More sound and fury on the $10 minimum that many area retailers insist upon if customers want to pay with credit cards:
Mel Levinson of Lamps Unlimited contends that I missed the point in an earlier column that criticized imposition of the minimum. "The reason for the minimum is that banks which back credit cards charge merchants a percentage based on the average size of each sale," he said. "If I make a $100 sale, then several $2 sales in a row, my average goes down, and my charge goes up."
As a result, Levinson argues, it's actually a smart long-run move for the consumer not to use credit cards for purchases of less than $10. "If our charge goes up, we'll pass the cost through to the consumer, of course," he said. "So the consumer helps himself by helping us."
Jack Frank of The Button Shop notes that "the $2.50 credit card customer is the one we most often find on the fraudulent card list. We're better off without that kind of customer." And if you find an honest customer who wants to charge a small purchase, Jack says Frank's Law applies: "The less they want to charge, the more time they waste fumbling for the card."
From the customer's point of view, however, a $10 minimum can pose a hidden snag. Even if you need only one item, you may have to buy a second to reach the magic $10 level.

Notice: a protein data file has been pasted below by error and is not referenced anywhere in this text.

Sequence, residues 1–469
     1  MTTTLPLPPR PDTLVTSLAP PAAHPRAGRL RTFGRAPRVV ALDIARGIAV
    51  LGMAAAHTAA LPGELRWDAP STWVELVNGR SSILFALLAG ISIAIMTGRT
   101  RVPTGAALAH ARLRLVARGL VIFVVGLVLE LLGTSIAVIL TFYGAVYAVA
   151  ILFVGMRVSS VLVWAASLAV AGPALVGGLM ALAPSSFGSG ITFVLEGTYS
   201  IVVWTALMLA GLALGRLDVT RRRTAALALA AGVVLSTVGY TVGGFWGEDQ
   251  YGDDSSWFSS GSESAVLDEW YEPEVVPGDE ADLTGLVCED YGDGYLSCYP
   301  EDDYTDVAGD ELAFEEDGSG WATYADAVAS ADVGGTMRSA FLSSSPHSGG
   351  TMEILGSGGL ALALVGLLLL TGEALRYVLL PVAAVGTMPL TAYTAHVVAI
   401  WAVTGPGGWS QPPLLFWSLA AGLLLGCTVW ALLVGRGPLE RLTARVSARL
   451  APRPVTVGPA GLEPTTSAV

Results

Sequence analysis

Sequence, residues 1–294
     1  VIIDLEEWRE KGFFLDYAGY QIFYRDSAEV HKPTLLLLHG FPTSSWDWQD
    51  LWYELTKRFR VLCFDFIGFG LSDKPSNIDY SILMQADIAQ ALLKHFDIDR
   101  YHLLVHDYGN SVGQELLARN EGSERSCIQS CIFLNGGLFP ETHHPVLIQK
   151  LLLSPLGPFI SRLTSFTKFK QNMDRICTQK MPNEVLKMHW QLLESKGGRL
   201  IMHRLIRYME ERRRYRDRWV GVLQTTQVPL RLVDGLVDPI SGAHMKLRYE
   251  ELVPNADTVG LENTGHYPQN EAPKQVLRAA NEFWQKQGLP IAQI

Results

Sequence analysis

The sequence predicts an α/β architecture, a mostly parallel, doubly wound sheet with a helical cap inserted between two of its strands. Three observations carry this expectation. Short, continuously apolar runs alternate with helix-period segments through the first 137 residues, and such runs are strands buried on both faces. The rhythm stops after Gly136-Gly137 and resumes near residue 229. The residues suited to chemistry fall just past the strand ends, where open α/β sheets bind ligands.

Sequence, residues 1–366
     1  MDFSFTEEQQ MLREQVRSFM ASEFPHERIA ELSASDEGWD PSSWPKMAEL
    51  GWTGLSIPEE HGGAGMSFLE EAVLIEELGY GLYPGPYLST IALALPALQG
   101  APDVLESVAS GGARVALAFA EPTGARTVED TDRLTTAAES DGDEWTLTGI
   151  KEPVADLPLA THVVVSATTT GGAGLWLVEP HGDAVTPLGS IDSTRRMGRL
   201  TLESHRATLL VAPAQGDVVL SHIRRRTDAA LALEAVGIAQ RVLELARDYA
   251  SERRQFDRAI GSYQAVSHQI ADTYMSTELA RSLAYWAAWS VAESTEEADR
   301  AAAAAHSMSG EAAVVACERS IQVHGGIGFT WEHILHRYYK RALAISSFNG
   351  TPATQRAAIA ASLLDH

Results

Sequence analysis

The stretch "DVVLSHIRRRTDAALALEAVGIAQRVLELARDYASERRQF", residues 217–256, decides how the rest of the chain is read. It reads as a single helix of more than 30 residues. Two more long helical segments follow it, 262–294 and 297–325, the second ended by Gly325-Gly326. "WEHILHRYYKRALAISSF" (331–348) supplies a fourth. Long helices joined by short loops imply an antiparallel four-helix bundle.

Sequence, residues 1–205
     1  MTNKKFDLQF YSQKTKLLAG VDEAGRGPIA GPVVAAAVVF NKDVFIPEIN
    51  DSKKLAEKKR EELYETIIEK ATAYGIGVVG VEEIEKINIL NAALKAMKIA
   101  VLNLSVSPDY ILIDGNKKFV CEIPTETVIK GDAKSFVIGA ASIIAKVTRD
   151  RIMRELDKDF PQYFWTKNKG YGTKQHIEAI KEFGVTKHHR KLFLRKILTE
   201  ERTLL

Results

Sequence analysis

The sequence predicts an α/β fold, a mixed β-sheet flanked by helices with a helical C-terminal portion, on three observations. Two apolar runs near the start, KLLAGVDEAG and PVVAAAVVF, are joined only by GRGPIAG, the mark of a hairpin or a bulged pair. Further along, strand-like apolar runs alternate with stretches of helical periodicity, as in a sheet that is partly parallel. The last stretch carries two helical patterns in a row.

That's exactly what happened to Jane Bishop of Brandywine when her son was small -- and sick.
"I needed a vaporizer real bad and had no money at the time," she writes. "The vaporizer was eight dollars and I had to buy a two-dollar item I didn't need . . . Was I mad!"
Sometimes, however, stores will accept Visa when they won't accept checks. Marie Lankford of Woodbridge bumped into an especially strange variation on that theme not long ago.
Marie had moved to the area recently, and she tried to pay for $72 worth of drapes with a check drawn on a local bank. She furnished three IDs -- a Visa card, a military ID and a California driver's license. The clerk went to confer with the manager. When she returned, she made the bizarre announcement that Marie would have to allow her picture to be taken since the number of the check she presented was below 300.
Rather than go through that, Marie offered to pay with her Visa. It was accepted without a tremor -- even though Marie was the same person the store had implicitly accused of being untrustworthy 30 seconds earlier.
And if Visa ironies are your cup of tea, Susan Lawrence of Northwest has a beauty.
She went downtown to pay a bunch of back parking tickets with her Visa. Even though Visa International forbids minimums, the District government enforces one: for amounts of less than $10, only cash or a check will be accepted, according to a sign by the cashier's window spotted by Susan.